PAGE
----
A vacation on Sullivan’s Island offers all of the outdoor fun you’d expect to find in a South Carolina beach town—and a little something extra: a complex historic legacy.
Located at the mouth of Charleston Harbor, the island is named after Florence O’Sullivan, who served as captain on one of the first ships to arrive in the area in the 17th century. O’Sullivan was stationed on Sullivan’s in 1674 and assigned the job of firing a signal cannon to warn Charles Town of incoming ships.
Between 1619 and 1808, the island served as the entry point for approximately 40 percent of the slaves brought into North America. Any ships carrying ill passengers or crew members would be quarantined on Sullivan’s to prevent the spread of deadly diseases like smallpox and cholera.
It played an equally important role as a military outpost in the defense of Charleston during both the Revolutionary and Civil wars. Fort Sullivan, as it was originally known, was still being constructed when the British Royal Navy attacked the island in 1776. The soft palmetto logs used to build the walls absorbed the incoming cannon fire, preventing the British from taking Charleston. The town commemorates the June 28, 1776 Battle of Sullivan’s Island each year with its Carolina Day festival.
The fort went on to be renamed Fort Moultrie in honor of the colonel who defended it during the famed battle. Among the men stationed there in later years was Edgar Allan Poe. Today, the fort is a national monument open to the public for self-guided tours.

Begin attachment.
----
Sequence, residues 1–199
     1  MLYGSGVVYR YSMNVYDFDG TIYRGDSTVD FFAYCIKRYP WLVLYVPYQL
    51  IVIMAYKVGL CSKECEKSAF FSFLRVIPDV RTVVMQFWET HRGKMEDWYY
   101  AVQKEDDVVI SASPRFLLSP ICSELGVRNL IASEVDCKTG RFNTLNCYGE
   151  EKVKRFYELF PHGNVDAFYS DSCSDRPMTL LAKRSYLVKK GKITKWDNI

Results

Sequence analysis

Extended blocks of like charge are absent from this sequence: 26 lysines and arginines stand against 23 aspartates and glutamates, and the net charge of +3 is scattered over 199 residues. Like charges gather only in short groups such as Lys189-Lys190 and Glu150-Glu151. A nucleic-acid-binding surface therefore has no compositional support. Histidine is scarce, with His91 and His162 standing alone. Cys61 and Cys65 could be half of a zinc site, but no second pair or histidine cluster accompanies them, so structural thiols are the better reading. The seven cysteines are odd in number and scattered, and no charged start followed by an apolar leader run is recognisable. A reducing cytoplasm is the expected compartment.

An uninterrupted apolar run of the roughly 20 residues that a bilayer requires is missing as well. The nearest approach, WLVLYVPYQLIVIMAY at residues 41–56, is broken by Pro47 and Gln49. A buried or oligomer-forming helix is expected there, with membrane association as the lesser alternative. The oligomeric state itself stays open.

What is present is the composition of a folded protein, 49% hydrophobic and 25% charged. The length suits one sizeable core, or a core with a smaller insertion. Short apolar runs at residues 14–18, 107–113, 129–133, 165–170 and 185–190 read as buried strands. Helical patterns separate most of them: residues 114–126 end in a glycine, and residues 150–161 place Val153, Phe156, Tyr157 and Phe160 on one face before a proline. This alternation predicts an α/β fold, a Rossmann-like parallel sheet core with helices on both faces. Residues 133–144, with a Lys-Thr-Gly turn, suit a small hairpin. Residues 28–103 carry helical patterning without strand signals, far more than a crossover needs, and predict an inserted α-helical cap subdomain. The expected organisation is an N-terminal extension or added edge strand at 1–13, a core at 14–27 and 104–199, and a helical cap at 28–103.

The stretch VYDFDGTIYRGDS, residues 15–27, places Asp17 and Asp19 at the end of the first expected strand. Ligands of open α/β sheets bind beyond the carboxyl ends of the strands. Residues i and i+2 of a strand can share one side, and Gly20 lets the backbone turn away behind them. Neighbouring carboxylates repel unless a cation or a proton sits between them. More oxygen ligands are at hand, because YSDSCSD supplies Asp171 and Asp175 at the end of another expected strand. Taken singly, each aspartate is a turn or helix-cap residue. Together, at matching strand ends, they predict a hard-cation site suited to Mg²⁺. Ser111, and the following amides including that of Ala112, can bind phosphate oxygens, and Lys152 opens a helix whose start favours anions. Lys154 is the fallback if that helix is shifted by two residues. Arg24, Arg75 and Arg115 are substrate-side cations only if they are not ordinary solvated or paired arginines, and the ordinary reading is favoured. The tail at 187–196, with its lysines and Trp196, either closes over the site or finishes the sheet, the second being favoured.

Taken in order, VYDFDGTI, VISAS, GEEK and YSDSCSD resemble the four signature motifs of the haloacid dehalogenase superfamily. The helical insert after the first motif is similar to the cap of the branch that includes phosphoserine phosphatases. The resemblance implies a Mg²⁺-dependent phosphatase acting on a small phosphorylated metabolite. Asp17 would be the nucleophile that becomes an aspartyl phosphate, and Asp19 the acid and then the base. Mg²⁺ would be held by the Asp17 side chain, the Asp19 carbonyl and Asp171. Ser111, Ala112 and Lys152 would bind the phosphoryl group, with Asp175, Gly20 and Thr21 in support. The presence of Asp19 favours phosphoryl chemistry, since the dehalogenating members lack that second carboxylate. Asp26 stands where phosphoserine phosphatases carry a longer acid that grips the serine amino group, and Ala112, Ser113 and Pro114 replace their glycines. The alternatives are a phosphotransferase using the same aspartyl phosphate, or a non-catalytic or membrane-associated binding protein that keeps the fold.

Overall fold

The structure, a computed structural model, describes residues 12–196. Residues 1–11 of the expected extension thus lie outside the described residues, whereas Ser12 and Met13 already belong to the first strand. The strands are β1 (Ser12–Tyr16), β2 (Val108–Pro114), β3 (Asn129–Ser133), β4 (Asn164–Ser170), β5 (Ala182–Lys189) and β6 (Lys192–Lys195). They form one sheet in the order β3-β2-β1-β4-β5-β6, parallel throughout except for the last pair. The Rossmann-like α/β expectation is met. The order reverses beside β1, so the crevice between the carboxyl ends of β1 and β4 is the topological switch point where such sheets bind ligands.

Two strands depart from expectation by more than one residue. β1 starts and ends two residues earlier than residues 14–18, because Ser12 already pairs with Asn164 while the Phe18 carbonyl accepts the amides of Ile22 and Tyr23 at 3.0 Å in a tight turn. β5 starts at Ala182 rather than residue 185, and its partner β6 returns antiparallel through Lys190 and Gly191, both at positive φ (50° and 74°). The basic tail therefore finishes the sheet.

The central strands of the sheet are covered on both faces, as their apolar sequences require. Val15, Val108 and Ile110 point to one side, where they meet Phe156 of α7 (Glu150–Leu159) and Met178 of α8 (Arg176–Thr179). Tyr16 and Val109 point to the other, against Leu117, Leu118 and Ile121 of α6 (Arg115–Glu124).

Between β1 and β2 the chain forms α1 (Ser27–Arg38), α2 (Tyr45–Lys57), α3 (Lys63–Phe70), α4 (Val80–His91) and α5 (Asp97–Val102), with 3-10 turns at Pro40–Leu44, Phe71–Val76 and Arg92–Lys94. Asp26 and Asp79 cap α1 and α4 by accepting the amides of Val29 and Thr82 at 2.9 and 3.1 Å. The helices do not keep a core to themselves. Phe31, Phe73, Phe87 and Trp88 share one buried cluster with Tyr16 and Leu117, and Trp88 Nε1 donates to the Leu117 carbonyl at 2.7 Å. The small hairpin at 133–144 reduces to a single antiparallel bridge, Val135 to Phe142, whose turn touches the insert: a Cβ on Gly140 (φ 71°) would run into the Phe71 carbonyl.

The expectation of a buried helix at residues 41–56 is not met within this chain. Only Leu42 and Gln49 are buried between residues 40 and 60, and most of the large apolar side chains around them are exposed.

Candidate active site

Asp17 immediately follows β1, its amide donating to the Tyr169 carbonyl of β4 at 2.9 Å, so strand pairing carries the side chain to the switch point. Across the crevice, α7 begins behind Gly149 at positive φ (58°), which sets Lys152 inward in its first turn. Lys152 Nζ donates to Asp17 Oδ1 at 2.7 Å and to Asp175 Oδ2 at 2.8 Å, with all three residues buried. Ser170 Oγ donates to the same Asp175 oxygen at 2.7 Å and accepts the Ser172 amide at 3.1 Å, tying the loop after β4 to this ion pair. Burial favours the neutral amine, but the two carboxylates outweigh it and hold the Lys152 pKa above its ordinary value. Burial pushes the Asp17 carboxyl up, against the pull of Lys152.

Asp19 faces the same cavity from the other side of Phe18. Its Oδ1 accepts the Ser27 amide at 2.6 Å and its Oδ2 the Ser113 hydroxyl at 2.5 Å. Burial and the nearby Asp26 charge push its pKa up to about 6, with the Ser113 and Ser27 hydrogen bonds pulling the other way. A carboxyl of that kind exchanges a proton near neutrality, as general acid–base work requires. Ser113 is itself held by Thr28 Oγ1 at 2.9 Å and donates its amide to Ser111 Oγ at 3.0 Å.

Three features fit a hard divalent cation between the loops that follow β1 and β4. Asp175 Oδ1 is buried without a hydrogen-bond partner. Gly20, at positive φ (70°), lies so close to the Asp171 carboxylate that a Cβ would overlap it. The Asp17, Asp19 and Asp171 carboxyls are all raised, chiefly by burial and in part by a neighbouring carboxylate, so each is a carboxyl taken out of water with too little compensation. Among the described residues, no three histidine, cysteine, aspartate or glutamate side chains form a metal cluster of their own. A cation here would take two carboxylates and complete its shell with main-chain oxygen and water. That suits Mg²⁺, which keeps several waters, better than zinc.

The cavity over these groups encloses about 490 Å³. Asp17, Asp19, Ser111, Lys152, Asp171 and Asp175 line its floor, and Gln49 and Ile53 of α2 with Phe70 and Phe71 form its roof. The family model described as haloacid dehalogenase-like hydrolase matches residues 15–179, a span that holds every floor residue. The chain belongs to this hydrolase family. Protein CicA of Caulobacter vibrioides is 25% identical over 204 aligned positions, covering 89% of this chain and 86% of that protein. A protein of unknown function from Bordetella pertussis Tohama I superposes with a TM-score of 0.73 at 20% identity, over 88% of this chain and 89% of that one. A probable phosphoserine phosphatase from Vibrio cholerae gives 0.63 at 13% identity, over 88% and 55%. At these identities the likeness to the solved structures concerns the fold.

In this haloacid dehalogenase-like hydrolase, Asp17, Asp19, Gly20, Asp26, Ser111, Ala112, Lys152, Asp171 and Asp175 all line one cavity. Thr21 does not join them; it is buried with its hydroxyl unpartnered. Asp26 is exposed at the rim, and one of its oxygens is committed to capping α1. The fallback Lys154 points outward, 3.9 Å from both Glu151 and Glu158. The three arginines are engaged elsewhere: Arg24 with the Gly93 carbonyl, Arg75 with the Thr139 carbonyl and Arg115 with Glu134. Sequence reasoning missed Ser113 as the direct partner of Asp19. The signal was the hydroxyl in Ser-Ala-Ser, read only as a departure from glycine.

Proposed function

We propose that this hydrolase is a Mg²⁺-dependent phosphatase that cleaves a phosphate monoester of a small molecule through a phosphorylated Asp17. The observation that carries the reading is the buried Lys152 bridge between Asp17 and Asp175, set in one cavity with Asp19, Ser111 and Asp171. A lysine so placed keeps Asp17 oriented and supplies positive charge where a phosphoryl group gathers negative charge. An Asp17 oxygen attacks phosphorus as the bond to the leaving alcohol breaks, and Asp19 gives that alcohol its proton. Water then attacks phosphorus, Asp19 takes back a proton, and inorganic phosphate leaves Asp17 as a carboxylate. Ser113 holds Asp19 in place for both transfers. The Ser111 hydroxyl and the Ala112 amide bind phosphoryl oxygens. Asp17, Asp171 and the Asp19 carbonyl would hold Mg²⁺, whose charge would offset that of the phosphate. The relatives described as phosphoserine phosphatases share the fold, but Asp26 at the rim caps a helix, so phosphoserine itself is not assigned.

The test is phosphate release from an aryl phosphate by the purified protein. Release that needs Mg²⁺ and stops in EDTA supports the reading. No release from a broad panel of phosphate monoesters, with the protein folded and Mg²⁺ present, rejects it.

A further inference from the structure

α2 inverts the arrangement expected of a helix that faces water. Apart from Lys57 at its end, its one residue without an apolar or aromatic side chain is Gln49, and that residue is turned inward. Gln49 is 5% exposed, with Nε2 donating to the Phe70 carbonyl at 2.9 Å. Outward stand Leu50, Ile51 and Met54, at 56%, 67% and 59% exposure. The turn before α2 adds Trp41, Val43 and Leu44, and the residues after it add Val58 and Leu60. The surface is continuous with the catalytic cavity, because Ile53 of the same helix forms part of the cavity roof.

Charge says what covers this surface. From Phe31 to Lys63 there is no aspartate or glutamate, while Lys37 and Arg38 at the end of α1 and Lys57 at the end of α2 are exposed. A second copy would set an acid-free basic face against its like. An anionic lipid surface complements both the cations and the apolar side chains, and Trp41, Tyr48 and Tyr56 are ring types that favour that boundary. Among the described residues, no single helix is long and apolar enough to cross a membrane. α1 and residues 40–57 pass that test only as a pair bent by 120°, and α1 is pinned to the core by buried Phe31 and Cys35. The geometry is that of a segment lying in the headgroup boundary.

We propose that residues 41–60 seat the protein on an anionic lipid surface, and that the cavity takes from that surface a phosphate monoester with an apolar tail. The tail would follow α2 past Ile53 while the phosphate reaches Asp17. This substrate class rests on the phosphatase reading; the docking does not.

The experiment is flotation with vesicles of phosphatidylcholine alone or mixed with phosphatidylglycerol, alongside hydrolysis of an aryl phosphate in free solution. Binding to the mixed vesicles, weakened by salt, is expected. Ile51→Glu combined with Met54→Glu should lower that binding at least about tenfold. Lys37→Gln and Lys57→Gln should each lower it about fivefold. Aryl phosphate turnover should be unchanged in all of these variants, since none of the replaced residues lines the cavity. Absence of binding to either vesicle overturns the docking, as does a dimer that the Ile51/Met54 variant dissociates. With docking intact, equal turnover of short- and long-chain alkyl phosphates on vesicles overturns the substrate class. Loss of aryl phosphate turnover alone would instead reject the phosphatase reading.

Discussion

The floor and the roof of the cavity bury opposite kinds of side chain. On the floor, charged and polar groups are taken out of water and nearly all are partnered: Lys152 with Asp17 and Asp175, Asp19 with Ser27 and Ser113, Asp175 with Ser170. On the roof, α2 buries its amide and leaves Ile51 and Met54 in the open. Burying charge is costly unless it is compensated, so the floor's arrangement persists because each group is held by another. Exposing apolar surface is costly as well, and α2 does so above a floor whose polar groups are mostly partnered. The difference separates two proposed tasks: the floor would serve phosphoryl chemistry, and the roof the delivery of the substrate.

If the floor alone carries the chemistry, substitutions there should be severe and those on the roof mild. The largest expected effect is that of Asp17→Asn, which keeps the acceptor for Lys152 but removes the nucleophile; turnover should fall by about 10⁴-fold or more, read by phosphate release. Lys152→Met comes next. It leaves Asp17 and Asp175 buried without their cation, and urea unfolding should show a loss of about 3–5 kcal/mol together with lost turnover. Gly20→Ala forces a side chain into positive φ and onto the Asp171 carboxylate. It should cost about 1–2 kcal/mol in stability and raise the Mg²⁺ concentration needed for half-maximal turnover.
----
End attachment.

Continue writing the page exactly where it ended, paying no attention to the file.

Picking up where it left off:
Another must-see attraction is the Sullivan’s Island lighthouse. It was built in the early 1960s to replace the light on Morris Island that was in danger of being destroyed by erosion. Still in operation today, the 140-foot black and white structure features a unique triangular and slim design. You’ll have to enjoy this landmark from the outside as it is closed to the public.
As beach towns go, Sullivan’s Island has plenty to offer with 2.5 miles of creamy white shoreline. With the Intracoastal Waterway on the north side of the island and Beach Inlet to the east, it’s also a favorite destination for fishing, paddleboarding, kiteboarding and kayaking.
While there is little commercial development on the island, the center of town features two blocks of charming galleries, shops and restaurants, including Poe’s Tavern, named for the famous author of horror classics like “The Tell-Tale Heart” and “The Pit and the Pendulum.”